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Passing a complex array to a function

by Anonymous Monk
on Jan 26, 2002 at 04:34 UTC ( #141696=perlquestion: print w/ replies, xml ) Need Help??
Anonymous Monk has asked for the wisdom of the Perl Monks concerning the following question:

This will look a lot lot like homework. But I assure you it is not. I am trying to learn how to think about Algorithims, and I sometimes do it with corny brainteaser questions.

Anyway I got the following problem off the web, and while it took me about two minutes to solve on paper using trial and error, I figured I would try it in perl in a more systematic way.

The problem creeps in after I have an array of every possible combo of man and wife. My thought was to split up the array by the square root of the total number of man-wife combos(in this case giving me three separate arrays, Where each array has one man and each possible wife.) Then to run those three arrays by reference through the original permutation sub to get references for each possible combo of Man-Wife:Man-Wife:Man-Wife which I could then process.

I had trouble passing these array slices to the permutation sub. And now I'm stuck. My work so far follows. All I really need to know is how I should do the second permutation.
#!/usr/bin/perl -w use strict; use Data::Dumper; #for Debugging =head1 Stupid question A man left a legacy of $10,000 to three relatives and their wives. + Together, the wives received $3960. June received $100 more than Camille, and Martha received $100 more than June. Jack Smith was given just as much as his wife, Horace Saunders got half as much again as his wife, and Terry Conners received twice as much as his + wife. What was the first name of each man's wife? =cut #given my $legacy = 10000; my $wife_total = 3960; #postulate my %wives; $wives{"Camille"} = 0; $wives{"June"} = $wives{"Camille"} + 100; $wives{"Martha"} = $wives{"June"} + 100; my $husband_total = $legacy - $wife_total; my $wife_share = ($wife_total / 3)-($wives{"June"}+$wives{"Martha"}+$w +ives{"Camille"}); #get the amount of money for each wife for my $woman (keys %wives){ $wives{$woman} += $wife_share; } #key each husband to the multiple given in the example my %husbands = ("Jack Smith"=>1,"Horace Saunders"=>1.5,"Terry White"=> +2); my @husband_list = (keys %husbands); my @wife_list = (keys %wives); my @couples; #get every possible man and wife combo push @couples,$_ for (permute(\@husband_list, \@wife_list)); my $number_of_couples = sqrt scalar @couples; print join(",",@$_),"\n" for (@couples); =head1 2d array of husband and wife combos At this poit we have this array.... @couples =( [Horace Saunders,Martha] [Horace Saunders,June] [Horace Saunders,Camille] [Terry White,Martha] [Terry White,June] [Terry White,Camille] [Jack Smith,Martha] [Jack Smith,June] [Jack Smith,Camille] ) But what to do next? =cut #I stole this function from a perlmonks snippet from Merlyn sub permute{ my $last = pop @_; unless(@_){ return map [$_], @$last; } return map {my $left =$_; map [@$left, $_],@$last} permute(@_); }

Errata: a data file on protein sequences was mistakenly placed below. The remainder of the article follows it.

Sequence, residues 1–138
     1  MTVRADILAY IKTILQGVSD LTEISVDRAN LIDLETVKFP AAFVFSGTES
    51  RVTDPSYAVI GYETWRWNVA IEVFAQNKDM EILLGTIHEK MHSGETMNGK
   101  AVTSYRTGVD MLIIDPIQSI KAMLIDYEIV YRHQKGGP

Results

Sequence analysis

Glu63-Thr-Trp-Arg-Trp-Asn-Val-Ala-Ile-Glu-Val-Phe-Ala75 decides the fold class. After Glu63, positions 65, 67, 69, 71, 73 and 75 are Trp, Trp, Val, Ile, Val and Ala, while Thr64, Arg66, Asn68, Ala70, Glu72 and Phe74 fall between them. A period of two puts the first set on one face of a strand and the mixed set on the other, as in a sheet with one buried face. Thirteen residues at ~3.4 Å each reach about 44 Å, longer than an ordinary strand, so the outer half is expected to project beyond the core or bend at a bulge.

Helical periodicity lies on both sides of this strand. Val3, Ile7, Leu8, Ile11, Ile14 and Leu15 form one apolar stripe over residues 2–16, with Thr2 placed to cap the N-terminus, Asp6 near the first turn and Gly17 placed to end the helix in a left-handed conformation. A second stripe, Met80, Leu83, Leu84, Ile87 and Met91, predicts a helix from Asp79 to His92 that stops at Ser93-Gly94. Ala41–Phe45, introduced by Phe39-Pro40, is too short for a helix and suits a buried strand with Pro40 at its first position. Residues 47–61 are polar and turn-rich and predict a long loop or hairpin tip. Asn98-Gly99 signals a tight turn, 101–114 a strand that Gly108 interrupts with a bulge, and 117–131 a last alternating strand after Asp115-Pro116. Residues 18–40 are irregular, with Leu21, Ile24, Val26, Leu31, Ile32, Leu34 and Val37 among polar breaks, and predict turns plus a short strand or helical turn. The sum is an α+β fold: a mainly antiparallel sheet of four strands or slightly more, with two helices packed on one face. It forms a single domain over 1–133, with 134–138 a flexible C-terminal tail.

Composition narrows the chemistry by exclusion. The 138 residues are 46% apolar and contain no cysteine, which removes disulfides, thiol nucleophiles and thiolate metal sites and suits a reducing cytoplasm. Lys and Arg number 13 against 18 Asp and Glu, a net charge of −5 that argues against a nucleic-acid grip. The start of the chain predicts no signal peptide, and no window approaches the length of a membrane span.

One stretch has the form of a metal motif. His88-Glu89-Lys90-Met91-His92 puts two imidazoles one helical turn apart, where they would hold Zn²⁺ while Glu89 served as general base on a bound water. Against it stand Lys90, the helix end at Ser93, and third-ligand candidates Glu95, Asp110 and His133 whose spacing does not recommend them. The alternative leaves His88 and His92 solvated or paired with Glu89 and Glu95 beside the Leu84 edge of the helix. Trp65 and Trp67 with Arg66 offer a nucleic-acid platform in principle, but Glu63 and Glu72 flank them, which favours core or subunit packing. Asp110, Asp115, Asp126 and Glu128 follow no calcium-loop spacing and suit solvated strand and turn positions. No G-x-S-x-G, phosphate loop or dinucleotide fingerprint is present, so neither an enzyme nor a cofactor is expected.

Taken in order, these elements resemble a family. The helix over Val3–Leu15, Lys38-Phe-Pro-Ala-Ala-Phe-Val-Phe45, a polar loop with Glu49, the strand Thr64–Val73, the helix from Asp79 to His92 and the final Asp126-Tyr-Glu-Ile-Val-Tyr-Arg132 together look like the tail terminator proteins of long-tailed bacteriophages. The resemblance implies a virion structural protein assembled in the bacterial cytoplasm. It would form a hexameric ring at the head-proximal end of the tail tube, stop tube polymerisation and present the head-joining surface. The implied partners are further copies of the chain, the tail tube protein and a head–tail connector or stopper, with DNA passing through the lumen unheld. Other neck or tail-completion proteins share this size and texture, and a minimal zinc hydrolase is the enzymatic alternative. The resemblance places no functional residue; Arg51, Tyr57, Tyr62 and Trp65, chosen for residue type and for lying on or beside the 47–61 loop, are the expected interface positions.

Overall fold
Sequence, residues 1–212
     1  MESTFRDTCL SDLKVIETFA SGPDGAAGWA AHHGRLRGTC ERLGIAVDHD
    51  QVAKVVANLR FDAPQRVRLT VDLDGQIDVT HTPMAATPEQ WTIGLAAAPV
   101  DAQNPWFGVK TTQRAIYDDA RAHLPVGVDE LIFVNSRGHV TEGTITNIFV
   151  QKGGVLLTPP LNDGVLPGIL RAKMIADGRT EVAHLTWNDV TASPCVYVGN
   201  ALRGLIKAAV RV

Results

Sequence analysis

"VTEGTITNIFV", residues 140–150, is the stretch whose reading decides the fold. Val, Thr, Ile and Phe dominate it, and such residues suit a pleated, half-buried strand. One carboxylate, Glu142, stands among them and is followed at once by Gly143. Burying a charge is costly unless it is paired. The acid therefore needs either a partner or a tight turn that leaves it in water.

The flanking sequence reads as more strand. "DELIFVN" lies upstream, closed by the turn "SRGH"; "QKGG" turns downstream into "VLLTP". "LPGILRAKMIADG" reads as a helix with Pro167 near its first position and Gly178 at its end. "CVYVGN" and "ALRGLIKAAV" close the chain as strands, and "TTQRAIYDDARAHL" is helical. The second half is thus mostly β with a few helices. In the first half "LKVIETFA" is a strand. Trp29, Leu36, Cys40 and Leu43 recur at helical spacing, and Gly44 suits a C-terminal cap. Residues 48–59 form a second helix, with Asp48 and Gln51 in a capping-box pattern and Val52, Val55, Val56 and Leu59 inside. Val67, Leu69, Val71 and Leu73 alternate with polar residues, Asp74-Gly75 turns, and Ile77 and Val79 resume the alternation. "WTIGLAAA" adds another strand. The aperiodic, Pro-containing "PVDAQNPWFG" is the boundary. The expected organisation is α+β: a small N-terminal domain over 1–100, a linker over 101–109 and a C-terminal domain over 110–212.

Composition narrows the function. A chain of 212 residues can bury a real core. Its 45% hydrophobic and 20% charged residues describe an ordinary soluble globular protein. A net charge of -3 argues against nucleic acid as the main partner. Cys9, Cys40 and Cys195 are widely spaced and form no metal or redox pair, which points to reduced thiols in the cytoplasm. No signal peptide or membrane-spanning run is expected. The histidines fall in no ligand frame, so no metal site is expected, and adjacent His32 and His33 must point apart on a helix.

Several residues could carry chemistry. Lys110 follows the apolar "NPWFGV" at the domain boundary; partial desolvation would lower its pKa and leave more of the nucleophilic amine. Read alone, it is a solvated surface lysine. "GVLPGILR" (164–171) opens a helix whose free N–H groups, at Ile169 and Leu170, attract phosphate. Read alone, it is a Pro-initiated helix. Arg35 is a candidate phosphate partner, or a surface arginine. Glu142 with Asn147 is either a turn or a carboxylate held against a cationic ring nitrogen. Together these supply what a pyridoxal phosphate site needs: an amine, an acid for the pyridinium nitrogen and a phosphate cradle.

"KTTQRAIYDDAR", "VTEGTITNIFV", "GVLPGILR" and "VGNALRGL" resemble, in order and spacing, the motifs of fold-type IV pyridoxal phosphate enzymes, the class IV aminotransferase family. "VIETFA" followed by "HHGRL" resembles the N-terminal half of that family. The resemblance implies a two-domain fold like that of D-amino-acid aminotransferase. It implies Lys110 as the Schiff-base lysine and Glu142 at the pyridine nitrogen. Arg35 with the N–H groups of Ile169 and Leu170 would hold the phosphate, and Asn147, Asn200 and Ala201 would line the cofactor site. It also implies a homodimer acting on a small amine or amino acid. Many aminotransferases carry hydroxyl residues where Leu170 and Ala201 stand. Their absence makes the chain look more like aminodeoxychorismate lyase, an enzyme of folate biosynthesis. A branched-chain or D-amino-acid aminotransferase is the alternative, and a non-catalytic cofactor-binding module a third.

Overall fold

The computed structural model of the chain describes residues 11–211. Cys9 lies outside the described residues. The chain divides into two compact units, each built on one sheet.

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Re: Passing a complex array to a function
by japhy (Canon) on Jan 26, 2002 at 05:49 UTC
    While this isn't a response to your question, it is an enlightenment. This task is ("is" => "can be") a case for a regex, which has been updated as per the responses below: